We define the term formal Portuguese as monitored speech and texts in which both content and correct form are important and expected by the listener or reader (communiqués, reports, scholarly articles and books, etc.). We occasionally use the term literary to refer to classical written works, which tend to have a more formal structure, and archaic to refer to those elements of Portuguese that are no longer used in either formal or colloquial Portuguese but that appear in literary texts written from the Middle Ages to the nineteenth century. In order to assist students to read these texts, this manual includes archaic forms, which are often excluded from Portuguese textbooks (and even grammars of modern Portuguese) because they are not frequently used in colloquial Brazilian Portuguese. By becoming familiar with more formal and even archaic Portuguese, students will be able to recognize the structures that native speakers recognize as a result of having heard them in formal speeches and read them in literary works.

In accordance with the general tendency of Portuguese-language instruction in the United States since the end of World War II, we give preference to Brazilian vocabulary and grammar when European Portuguese variants occur. However, our intent is not to focus entirely on Brazilian Portuguese—which other books have already done—but also to incorporate variants of the language that are often found in Portugal, and consequently, in Lusophone African countries. By including these variants, we hope to provide a more complete description of the Portuguese language. Newer textbooks of Portuguese are likewise addressing non-Brazilian as well as Brazilian Portuguese, and this trend is common in postgraduate Portuguese studies.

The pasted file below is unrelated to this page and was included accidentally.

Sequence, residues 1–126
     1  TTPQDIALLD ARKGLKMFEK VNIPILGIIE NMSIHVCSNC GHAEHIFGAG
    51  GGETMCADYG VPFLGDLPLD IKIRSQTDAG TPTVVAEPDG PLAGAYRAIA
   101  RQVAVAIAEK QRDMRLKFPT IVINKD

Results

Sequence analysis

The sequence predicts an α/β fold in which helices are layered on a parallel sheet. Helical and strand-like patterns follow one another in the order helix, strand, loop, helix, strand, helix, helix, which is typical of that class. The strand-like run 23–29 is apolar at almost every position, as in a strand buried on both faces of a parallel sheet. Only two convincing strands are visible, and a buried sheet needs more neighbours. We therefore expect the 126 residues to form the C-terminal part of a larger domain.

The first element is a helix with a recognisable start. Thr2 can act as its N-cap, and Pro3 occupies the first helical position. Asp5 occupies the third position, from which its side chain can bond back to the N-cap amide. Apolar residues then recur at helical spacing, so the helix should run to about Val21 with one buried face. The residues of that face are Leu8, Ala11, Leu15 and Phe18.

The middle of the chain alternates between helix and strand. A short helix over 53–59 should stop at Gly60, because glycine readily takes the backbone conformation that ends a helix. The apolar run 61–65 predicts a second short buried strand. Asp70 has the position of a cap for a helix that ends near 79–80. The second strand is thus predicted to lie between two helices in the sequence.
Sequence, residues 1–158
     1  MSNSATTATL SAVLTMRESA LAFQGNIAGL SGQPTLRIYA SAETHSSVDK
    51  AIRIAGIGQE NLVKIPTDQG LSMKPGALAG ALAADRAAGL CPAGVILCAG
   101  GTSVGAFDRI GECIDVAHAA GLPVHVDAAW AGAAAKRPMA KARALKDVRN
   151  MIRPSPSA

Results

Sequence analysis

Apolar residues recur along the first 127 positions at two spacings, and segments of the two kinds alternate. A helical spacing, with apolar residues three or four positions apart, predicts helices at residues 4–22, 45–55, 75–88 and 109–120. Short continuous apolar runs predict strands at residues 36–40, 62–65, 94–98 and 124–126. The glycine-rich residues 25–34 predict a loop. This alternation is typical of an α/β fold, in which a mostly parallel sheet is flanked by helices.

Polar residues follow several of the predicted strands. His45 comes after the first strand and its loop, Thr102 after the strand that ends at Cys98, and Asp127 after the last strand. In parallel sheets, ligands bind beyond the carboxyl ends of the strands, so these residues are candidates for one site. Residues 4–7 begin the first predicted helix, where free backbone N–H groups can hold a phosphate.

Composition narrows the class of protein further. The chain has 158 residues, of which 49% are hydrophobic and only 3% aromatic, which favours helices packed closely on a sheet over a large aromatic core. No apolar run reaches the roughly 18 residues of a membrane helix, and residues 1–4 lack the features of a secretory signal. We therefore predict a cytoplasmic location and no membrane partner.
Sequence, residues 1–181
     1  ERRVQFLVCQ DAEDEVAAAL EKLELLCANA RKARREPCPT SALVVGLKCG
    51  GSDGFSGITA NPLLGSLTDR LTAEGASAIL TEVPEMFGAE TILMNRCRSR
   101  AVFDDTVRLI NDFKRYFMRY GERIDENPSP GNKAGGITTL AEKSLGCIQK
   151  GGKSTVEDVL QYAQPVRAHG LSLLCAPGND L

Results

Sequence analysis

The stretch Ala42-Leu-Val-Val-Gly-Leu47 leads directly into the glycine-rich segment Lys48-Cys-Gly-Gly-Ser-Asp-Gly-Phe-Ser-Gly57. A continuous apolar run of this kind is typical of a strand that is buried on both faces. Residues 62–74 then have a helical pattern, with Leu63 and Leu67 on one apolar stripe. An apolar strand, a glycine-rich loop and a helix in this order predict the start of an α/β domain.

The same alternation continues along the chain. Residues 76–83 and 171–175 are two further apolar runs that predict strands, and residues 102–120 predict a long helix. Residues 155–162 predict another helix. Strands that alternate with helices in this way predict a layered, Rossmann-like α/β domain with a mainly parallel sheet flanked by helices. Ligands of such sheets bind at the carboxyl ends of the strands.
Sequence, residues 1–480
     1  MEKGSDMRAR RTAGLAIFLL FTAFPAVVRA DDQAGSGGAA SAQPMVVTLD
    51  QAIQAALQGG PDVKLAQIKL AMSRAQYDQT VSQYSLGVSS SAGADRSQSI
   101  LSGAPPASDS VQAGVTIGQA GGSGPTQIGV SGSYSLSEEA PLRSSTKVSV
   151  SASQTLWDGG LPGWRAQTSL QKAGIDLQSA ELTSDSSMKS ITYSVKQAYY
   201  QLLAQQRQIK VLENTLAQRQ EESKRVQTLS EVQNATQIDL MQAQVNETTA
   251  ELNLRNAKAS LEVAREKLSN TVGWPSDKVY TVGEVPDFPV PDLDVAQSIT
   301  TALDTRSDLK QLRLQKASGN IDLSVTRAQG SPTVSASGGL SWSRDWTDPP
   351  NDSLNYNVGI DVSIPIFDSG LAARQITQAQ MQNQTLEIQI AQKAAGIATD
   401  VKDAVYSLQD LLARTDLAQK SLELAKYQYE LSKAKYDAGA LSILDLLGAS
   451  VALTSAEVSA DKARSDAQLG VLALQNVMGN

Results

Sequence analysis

We begin the manual with an explanation of the various abbreviations and symbols used throughout the book so that readers can become familiar with the terminology before encountering it in a particular section. Most of our phonetic symbols adhere to the International Phonetic Alphabet; the minor variations are intended to simplify an alphabet that might otherwise be confusing to nonlinguists. In addition to defining the linguistic and grammatical terms that we use, we provide a list of linguistic and grammatical terms in English and Portuguese so that readers will better understand the Portuguese terminology that their textbooks occasionally use. We have simplified the terminology used in the manual without excluding any information necessary for beginning-level learners to understand a particular concept. We use technical terminology only when necessary, and in those cases we provide definitions and/or explanations. In the last part of the front section, we outline the principal changes in Portuguese orthography as codified in the recent Orthographic Accord; by implementing these changes, readers will be able to write Portuguese in its most up-to-date form.